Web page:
Arrays in C/C++
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C++ provides a data structure, the array, which stores a fixed-size, sequential collection of elements of the same type. They are used to store similar types of elements. (The data type must be the same for all elements.) They can be used to store collections of primitive data types, such as int, float, double, char, etc. of any particular type. To add to it, an array in C or C++ can store derived data types, such as structures, pointers etc.
All arrays consist of contiguous memory locations. The lowest address corresponds to the first element, and the highest address to the last element.
If you want to follow video tutorial, check it out below:
You may also like: The Best of Java Collections [Tutorials].
To declare an array in C++, the programmer specifies the type of the elements and the number of elements in the array like:
This is called a single-dimension array.
arraySize must be an integer constant greater than zero, and type can be any valid C++ data type. For example, to declare a 5-element array of type double, use this statement:
There are various ways in which we can declare an array. It can be done by specifying its type and size by initializing it or both.
- Array declaration by specifying size
- Array declaration by initializing elements
- Array declaration by specifying size and initializing elements
Advantages of an Array in C/C++:
- Random access of elements using array index.
- Use less code, as it creates a single array of multiple elements.
- Easy access to all the elements.
- Traversal through the array becomes easy using a single loop.
- Sorting becomes easy, as it can be accomplished by writing less code.
Disadvantages of an Array in C/C++:
- Allows a fixed number of elements to be entered, which is decided at the time of declaration. Unlike a linked list, an array in C is not dynamic.
- Insertion and deletion of elements can be costly since the elements are needed to be managed in accordance with new memory allocation.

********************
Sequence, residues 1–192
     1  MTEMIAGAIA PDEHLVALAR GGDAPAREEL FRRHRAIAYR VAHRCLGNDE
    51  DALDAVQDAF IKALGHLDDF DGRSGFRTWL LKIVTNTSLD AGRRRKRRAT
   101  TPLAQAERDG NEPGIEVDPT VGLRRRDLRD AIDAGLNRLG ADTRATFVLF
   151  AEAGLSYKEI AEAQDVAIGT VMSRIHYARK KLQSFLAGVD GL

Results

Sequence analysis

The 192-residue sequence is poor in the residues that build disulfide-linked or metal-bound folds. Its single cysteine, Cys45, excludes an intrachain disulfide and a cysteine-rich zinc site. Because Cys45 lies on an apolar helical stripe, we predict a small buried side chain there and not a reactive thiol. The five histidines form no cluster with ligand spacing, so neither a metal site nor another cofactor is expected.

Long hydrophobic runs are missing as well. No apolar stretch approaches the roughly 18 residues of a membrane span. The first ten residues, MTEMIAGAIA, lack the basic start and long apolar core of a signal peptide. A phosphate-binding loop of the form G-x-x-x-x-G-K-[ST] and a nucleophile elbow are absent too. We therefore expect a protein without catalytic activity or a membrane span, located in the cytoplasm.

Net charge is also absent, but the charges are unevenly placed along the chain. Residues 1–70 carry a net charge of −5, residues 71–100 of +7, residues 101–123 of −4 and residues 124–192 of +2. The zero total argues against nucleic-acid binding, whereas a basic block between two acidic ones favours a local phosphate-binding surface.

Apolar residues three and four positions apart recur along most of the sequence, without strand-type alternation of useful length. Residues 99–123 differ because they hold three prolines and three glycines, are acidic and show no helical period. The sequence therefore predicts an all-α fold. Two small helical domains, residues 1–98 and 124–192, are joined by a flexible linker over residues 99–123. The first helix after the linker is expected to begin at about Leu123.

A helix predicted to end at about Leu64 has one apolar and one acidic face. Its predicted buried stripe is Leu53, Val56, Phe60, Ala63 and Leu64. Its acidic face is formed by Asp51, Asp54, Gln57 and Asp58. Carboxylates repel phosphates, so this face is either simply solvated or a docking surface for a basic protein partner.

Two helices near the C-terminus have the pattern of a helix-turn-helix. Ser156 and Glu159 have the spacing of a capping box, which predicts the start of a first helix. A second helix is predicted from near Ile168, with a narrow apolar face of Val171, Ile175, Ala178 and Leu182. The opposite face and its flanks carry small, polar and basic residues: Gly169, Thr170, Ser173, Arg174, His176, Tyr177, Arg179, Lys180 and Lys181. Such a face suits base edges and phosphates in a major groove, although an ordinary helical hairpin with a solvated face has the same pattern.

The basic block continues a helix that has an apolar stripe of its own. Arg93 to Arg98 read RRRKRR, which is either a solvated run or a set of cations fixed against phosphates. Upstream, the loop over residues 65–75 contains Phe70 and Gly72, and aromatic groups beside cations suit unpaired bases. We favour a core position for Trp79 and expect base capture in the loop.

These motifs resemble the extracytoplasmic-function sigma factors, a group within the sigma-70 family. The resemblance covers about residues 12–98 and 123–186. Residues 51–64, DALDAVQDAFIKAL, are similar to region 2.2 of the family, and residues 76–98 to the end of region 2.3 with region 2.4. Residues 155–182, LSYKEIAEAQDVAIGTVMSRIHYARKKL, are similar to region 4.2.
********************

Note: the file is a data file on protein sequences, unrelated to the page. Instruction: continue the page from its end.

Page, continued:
Example of arrays:
Example of elements are stored at contiguous memory locations
C++ allows multidimensional arrays. Here is the general form of a multidimensional array declaration −
For example, the following declaration creates a three dimensional 5 . 10 . 4 integer array −
The simplest form of the multidimensional array is the two-dimensional array. A two-dimensional array is, in essence, a list of one-dimensional arrays. To declare a two-dimensional integer array of size x,y, you would write something as follows:
Type can be any valid C++ data type, and
arrayName will be a valid C++ identifier.
A two-dimensional array can be thought of as a table, which will have x number of rows and y number of columns. A two-dimensional array a, which contains three rows and four columns can be shown as follows:
Every element in an array a is identified by an element name of the form a[ i ][ j ], where a is the name of the array, and i and j are the subscripts that uniquely identify each element in a.
Initializing Two-Dimensional Arrays
Multi-dimensioned arrays may be initialized by specifying bracketed values for each row. The following is an array with 3 rows, where each row has 4 columns.
The nested braces, which indicate the intended row, are optional. The following initialization is equivalent to previous example −
Accessing Two-Dimensional Array Elements
An element in a two-dimensional array is accessed by using subscripts (i.e., row index and column index of the array). For example:
The above statement will take the 4th element from the 3rd row of the array. You can verify this in the above diagram.
As explained above, you can have arrays with any number of dimensions, although it is likely that most of the arrays you create will be of one or two dimensions.
Pointer to an Array
It is most likely that you would not understand this chapter until you have a decent understanding of pointers.
So, assuming you have bit understanding on pointers in C++, let us start: An array name is a constant pointer to the first element of the array. Therefore, in the declaration:
balance is a pointer to
&balance, which is the address of the first element of the array balance. Thus, the following program fragment assigns
p the address of the first element of
It is legal to use array names as constant pointers, and vice versa. Therefore,
*(balance + 4) is a legitimate way of accessing the data at
Once you store the address of first element in
p, you can access array elements using
*(p+2), and so on. Below is the example to show all the concepts discussed above:
In the above example,
p is a pointer to
double, which means it can store an address of a variable of double type. Once we have address in p, then *p will give us value available at the address stored in p, as we have shown in the above example.
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